After winning the Thorpe Award in 2015, King became the first recipient of said honor to bypass the NFL draft and return to school. In doing so, he reclaims his mark as not only the best defensive back in the Big Ten, but the entire country.


Kwalick–Clark Tight End of the Year: Michigan's Jake Butt

After winning the award a year ago, Jake Butt opted to return to Ann Arbor for his senior season. With the Michigan offense only improving in Year 2 under Jim Harbaugh, there's no reason the Pickerington, Ohio, native shouldn't be able to go back-to-back.


Bakken–Andersen Kicker of the Year: Indiana's Griffin Oakes

As a sophomore, Griffin Oakes finished second in the Big Ten in field goal percentage (82.8) and first in field goals made (24). With another year of experience under his belt, he should only get better while kicking for one of the conference's most explosive offenses.


Eddleman–Fields Punter of the Year: Ohio State's Cameron Johnston

Throughout his career, Cameron Johnston has served as one of the Big Ten's best punters. Back in Columbus for his senior season, the Australian native will have one last chance to showcase his booming leg, along with the athletic ability that makes him a threat to take off running any time he's on the field.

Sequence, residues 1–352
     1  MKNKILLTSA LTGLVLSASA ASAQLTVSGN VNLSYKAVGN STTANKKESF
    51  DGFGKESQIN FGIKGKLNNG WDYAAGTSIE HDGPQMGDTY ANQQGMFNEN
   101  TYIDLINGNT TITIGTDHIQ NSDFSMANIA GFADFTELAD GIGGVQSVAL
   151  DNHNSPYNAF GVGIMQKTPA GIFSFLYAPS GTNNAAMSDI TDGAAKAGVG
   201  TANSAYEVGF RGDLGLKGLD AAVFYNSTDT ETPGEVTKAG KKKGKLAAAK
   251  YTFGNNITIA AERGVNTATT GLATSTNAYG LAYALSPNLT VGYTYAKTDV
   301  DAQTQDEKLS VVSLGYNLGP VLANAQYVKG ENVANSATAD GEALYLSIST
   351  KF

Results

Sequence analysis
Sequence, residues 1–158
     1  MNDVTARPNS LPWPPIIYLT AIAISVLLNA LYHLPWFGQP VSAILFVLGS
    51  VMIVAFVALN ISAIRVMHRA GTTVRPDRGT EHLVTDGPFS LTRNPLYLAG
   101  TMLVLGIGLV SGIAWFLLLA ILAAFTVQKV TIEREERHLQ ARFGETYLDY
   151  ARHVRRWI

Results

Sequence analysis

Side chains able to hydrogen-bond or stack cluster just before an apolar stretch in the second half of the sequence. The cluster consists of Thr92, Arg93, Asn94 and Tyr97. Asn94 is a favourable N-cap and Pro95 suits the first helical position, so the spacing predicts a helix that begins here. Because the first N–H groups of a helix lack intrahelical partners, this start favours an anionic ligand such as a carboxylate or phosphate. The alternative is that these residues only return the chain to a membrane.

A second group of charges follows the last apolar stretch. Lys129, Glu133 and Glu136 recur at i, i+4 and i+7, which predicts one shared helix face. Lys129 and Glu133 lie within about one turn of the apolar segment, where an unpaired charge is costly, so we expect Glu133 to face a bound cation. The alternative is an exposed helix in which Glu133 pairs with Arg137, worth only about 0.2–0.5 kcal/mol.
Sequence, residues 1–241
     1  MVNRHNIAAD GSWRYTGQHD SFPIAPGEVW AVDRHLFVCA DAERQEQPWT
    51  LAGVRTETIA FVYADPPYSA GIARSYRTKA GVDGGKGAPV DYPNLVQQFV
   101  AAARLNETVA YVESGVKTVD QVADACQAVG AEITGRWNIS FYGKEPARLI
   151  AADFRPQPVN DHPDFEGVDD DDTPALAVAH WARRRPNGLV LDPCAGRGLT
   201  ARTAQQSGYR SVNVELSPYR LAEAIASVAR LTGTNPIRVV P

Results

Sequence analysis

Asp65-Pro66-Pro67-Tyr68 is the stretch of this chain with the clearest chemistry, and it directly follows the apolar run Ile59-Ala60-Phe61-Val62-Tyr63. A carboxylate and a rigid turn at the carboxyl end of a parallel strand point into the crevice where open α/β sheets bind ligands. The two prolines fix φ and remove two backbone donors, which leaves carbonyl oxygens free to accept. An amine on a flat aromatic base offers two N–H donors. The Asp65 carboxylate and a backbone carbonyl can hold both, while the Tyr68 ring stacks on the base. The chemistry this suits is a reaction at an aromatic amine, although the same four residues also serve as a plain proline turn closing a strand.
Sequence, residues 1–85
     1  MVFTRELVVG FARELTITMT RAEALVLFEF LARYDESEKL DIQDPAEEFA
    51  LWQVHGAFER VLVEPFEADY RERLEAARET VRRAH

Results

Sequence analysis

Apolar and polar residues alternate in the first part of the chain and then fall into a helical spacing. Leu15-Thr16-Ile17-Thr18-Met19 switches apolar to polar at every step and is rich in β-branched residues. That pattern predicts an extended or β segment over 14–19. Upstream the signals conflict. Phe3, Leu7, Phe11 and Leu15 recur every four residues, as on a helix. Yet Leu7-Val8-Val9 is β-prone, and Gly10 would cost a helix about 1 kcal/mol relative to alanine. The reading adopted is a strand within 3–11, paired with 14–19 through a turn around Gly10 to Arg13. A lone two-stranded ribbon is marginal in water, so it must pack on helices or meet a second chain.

Rodgers-Dwight Return Specialist of the Year: Maryland's William Likely

Despite only playing in 11 games, William Likely led the nation in combined return yards in 2015 with 1,197, taking back three kicks for scores. The inaugural winner of the Return Specialist of the Year award in 2015, Likely should be looking at a repeat performance in the coming season.



Ben Axelrod is Bleacher Report's Big Ten lead writer. You can follow him on Twitter @BenAxelrod. Unless noted otherwise, all quotes were obtained firsthand. Recruiting and class ratings courtesy of 247Sports' composite ratings.

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Alabama Football: Just How Difficult Will It Be to Replace Derrick Henry?

Alabama has beefed up its resume for the "Running Back U" moniker during head coach Nick Saban's first nine years in Tuscaloosa, producing two of the three running backs to win the Heisman Trophy this century (Mark Ingram in 2009 and Derrick Henry in 2015) and six different players who have topped the 1,000-yard mark.

A seventh could be quite a challenge for Saban and third-year offensive coordinator Lane Kiffin.

The Crimson Tide enter the 2016 campaign with the most inexperienced running back corps that it has ever had under Saban's watch, with Bo Scarbrough and Damien Harris serving as the two likely contenders to earn first-team carries.